Tideway spent £10M developing an innovation to speed up the lining of tunnels, but it will never be used on construction of the super sewer. Tideway chief technical officer Roger Bailey revealed that efforts to create a precast secondary lining machine were ultimately not delivered in time to be used on the Tideway project, when speaking at NCE’s Tunnelling Festival. However, speaking with NCE after the event, Bailey said that the product is now being marketed by Herrenknecht and could be beneficial to future tunnelling projects.the new sewer is designed to capture more than 95% of the sewage spills that enter the river from London’s Victorian sewer system. It will have a significant impact on the water quality, making it a much healthier environment for wildlife to survive and flourish. The secondary lining machine trial was conducted in 2019 in an attempt to build a Lining Erector Machine (LEM) that would cast rings inside the 25km London super-sewer, costing the project promoter £10M. The idea was to create a quicker alternative to conventional methods of secondary lining which would also circumvent potential risks in pumping concrete into a 250-300mm annulus that is 70m underground.
The Replica of the Tideway tunnel With the LEM Ready to be inserted.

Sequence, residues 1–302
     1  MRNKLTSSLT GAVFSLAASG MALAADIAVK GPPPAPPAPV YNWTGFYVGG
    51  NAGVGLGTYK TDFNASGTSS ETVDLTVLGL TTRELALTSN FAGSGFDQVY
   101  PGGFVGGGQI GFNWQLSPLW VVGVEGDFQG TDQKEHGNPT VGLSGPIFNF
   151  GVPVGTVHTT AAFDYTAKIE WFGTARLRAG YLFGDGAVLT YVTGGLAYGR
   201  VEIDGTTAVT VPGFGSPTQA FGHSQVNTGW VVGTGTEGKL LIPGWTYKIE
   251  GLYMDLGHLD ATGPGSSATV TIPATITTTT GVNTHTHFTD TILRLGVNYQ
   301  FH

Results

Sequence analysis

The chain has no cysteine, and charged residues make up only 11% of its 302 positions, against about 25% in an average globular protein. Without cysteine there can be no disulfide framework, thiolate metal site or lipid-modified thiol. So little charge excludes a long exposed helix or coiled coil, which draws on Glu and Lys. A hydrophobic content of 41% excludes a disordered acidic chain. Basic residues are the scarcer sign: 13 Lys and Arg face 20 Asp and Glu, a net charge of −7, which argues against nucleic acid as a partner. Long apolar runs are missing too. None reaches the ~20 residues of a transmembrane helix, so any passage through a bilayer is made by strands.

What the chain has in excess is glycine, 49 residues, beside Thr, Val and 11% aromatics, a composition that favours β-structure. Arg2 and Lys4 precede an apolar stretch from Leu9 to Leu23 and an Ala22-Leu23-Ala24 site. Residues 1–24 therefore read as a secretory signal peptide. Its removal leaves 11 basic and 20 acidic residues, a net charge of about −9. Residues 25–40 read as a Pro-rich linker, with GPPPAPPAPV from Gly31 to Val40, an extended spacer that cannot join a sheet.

Bailey said: “When we started the project our contractors were very keen to […] omit [the secondary lining] altogether.” He continued: “But if we didn’t have the protection of a secondary lining and you had a hydrocarbon spill into the tunnel, you could then find your gaskets around your primary lining being degraded. All of these things we were concerned about. “We needed to have an asset. Demonstrably durable that didn’t have any Achilles heels in it. So we couldn’t allow the sort of elimination of the secondary lining. What we did encourage was [asking our contractors] ‘can we build it better?’ “You know pumping concrete into an annulus that’s 250 to 300mm thick, 70m underground, 5km away from your nearest access point is not the most risk-free benefit. That was the conventional approach, and we said ‘wait a minute, with modern methods of construction, precast, offsite manufacturing, why don’t we look at that for a secondary lining?’” Using the money provided by Tideway’s innovation fund, the project collaborated with Herrenknecht to develop a trial for a prototype LEM. The LEM has an inflatable rubber seal at the front of a TBM shaped machine which would inflate inside the primary lining. This would then move along the already constructed tunnel and automatically place precast secondary lining rings inside using rams to hold each one in place until the next one is fitted. Bailey said: “Effectively, it’s almost like you’re tiling the inside. You build one primary lining and then you effectively tile that with a precast secondary lining.” A number of issues arose during the trial, which included transporting a 20m replica of a section of Tideway’s primary lining and using metal rods outside to simulate the ground conditions the tunnel was exposed to. Jacobs construction director and lead on the LEM trial Maurice Gallagher explained: “We started the trial and started using this [prototype LEM] but found that we couldn’t ensure the quality of the ring build because [the precast rings] were moving around too much and it was affecting the stability of the final lining that was being put in place. We were insistent on getting the quality correct. “We didn’t want to start something and end up with an innovation that caused a lesser standard. We ended up having to replace all the rams with a slightly larger ram, stiffer ram, so we wouldn’t get so much deflection on the ram. If rams are deflecting as they’re pushing off the ring, it tends to put an uneven load into the ring and makes it move out of alignment in effect.”